In my essay in From Fear to Faith, I whimsically start at the beginning, with Jesus. I also mention our denial of the validity of Tradition, supposing there was a direct link, unchanged, between us and the Apostles. We sat, in our building, listening to a pastor, while reading the King James version, and believed Tradition did not touch or shape us. This served many reasons, not the least of which to force us to accept the pastor as the only legitimate, and thus unquestionable, authority.
Can we have a truly tradition-free Christianity? The word Christianity is itself a tradition, and one from outside the Church (Acts 11.26; note, it is a passive form of the verb). There is another tradition, The Church. While we see this somewhat develop in Matthew and then Acts — the idea of a singular Church a part from Judaism is something not likely foreseen in the New Testament. I can say that because even into the 4th century, Jews and Christians still celebrated together.
But, let’s start with the Tradition most of us hold in our hands every Sunday morning — The Bible. The Scriptures mentioned in the New Testament were holy writings and not a set canon. As I have argued before, there was some development of a set of writings by the time of 2nd Peter (mid-1st century), but this is Tradition. There is nothing in Scripture laying out what books are to be included and what books are to be excluded. The Canon of Scripture is a Tradition with many streams. For instance, Catholics have their books, the Orthodox a few more, and the Copts and Armenians lots more. If we move past Canonical books, we then need to examine the Canonical Text. Are we Western? Do we use the Byzantine? Or, are we like others and desire a critical text free of obviously unoriginal entires (such as the last twelves verses in Mark)? Our traditions of books and texts are Tradition, whether we like it or not. I prefer a critical text for study; however, for Tradition’s sake, I prefer my canonical texts to include the last twelve verses or Mark as well as John 8.
What about our doctrines? Do they not come from Scripture? Doctrines do have a genesis in Scripture, or rather, they must, but there are rarely any doctrines enshrined in the Holy Writ. The Trinity is a development, as are atonement theories. Can we really name one doctrine that is not developed by Tradition? Even Young Earth Creationism is a doctrine contrived by twisting Scripture until it screams. As a former modalist, we may even allow that modalism is itself a contrived doctrine, devoid of Trinitarian sensibilities and requiring the Father to have died on the Cross. Further, while there are verses proof-texted to mean Jesus is the Father, there are verses where Jesus is subordinate to the Father. The development of the Trinity saved Christianity from descending into the realms of a mere philosophy. These are Traditions.
Our leadership is generally a tradition. The role of the pastor in most Evangelical and Fundamentalist churches is not Scriptural. The one time we see one man sitting above all others is in 3 John, to which the Elder responds rather critically. In Scripture, we do not have a strong governance, but we do see one begin to develop with Deutero-Paul (Ephesians). When Ignatius begins to write, followed by Cyprian, the structure of the Church had become more rigid. Although based in Scripture, there was barely anything to give the Bishops the power they had. And of course, there is the whole Petrine Primacy issue. But, these are traditions. In the Reformation, when the leadership was restructured, they believed they were reaching back to hollowed antiquity to follow a better tradition. Now, we simply follow the tradition handed down to us because we think it is Scriptural. Rather, it is Tradition, just ours and not theirs (i.e., Catholic).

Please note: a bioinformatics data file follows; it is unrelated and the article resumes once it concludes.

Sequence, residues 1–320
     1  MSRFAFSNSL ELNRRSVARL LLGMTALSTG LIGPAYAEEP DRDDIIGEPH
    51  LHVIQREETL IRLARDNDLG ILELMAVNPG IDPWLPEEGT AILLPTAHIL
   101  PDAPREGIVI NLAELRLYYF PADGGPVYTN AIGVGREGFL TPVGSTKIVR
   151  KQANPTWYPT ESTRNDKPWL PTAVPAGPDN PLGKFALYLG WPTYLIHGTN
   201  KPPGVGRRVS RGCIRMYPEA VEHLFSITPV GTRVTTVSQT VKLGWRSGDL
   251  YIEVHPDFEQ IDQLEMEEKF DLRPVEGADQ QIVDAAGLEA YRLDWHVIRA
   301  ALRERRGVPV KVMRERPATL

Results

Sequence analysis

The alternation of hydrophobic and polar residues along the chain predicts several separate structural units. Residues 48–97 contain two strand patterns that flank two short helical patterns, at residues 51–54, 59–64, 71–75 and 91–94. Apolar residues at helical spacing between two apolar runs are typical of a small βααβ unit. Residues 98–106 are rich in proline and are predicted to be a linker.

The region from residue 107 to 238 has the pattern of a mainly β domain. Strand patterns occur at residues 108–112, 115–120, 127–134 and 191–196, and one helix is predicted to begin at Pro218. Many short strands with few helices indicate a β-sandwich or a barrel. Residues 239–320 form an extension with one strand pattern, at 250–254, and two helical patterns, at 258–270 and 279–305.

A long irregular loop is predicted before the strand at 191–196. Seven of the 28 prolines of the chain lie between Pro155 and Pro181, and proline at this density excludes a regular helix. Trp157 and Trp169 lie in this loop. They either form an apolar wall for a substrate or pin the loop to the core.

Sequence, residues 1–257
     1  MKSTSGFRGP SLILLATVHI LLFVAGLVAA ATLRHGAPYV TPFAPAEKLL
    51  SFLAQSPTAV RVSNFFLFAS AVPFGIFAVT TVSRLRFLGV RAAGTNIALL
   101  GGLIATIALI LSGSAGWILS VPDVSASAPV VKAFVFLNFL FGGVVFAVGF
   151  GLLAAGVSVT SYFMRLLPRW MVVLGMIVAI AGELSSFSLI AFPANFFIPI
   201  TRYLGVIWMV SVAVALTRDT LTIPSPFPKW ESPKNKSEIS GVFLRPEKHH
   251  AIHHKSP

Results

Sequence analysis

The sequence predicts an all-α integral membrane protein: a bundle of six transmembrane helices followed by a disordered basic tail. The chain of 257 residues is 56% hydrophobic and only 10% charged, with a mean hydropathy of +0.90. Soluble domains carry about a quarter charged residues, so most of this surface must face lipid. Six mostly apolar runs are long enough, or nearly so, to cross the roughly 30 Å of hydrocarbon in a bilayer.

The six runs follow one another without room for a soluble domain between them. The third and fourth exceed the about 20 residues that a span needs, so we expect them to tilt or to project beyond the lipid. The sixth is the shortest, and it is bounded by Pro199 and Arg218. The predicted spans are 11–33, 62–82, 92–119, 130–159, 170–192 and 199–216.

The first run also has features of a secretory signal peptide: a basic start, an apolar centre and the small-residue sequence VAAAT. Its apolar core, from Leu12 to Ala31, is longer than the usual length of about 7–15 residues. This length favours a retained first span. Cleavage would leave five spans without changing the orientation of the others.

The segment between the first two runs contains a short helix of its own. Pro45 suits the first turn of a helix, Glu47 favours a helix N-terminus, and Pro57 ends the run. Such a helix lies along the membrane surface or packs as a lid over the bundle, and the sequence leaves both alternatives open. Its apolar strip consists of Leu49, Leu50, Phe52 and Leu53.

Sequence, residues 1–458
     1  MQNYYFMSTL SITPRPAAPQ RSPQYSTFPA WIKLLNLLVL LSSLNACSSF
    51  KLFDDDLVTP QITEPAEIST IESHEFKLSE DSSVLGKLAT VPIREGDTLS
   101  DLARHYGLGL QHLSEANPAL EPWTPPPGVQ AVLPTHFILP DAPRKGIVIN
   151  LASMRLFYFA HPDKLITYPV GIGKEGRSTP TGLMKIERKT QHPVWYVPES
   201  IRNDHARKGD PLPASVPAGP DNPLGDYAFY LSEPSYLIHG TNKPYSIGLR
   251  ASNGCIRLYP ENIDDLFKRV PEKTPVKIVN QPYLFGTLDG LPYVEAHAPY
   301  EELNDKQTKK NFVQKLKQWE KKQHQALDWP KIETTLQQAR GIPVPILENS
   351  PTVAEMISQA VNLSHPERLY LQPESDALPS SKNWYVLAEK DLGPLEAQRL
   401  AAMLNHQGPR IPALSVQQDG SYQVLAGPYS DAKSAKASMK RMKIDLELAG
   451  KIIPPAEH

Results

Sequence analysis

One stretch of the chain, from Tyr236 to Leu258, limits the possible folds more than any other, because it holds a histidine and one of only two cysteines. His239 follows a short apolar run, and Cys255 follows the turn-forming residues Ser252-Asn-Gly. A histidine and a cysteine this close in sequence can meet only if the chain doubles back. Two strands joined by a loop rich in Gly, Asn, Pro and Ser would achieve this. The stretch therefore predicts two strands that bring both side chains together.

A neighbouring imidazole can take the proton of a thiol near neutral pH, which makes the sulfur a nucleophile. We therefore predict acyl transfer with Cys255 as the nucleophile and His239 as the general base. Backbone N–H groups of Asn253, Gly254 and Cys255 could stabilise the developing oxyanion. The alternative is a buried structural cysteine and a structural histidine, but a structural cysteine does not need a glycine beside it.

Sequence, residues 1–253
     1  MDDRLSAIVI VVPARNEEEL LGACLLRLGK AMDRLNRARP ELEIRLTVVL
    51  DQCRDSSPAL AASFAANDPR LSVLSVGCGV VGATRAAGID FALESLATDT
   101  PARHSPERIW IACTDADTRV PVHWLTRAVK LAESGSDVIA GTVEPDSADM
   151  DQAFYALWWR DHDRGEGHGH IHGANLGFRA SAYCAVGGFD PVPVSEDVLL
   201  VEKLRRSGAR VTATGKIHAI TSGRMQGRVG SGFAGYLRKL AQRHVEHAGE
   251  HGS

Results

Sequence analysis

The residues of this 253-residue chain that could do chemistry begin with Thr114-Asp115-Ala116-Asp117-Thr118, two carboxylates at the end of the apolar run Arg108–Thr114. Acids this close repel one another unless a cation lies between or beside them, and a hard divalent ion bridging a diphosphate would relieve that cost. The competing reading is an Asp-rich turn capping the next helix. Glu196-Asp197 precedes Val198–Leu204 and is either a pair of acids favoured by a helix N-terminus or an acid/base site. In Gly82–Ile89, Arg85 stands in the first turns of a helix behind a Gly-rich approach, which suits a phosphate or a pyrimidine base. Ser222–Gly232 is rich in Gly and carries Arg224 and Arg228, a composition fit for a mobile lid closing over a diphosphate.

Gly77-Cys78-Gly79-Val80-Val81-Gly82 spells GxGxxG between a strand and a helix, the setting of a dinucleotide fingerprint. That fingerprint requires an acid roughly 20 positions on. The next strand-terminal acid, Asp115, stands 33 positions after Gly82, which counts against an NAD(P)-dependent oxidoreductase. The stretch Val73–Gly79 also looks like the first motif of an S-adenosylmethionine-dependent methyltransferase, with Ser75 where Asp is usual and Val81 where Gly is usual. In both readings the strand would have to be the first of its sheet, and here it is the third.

My point is this: There is no such thing as a tradition-free Christianity. Oddly enough, I began to discover this when I started to study the Trinity. I felt my modalism pushed out by the likes of Tertullian and Athenagoras. When I began to read Irenaeus, I was pushed to the wall of accepting Apostolic Succession. By the time I got to the Fourth Century, I was hopelessly holding on to a feeble attempt at denying what would soon become a reality — if we deny ourselves the experience of Christian Tradition, we will ourselves become our own tradition. And this is important. Because if we are ourselves our own tradition, then it is not the needed democracy, but rather a dictatorship — a monarchy stripped of purpose and beauty with only violent power remaining. Rather, I prefer the Tradition of Chesterton,
“Tradition means giving a vote to most obscure of all classes, our ancestors. It is the democracy of the dead….Tradition refuses to submit to the small and arrogant oligarchy of those who merely happen to be walking about. All democrats object to men being disqualified by the accident of birth; tradition objects to their being disqualified by the accident of death. Democracy tells us not to neglect a good man’s opinion, even if he is our groom; tradition asks us not to neglect a good man’s opinion, even if he is our father.” (Orthodoxy)
During my transition from the cult of fundamentalism to Mainline Christianity, the reliance on Tradition provided me with a certain comfort level that I could use to explore different facets of Christianity. No longer was Christianity limited to one, pardon the pun, monolithic model but now included mystics, doubters, skeptics, conservatives, liberals, and all sorts of jackets in the sacred closet. It wasn’t that I could pick and choose, but now I could participate in the voting process. Once I realized the beauty, depth, and warmth of a Christianity because of Tradition, I could continue with my belief in God.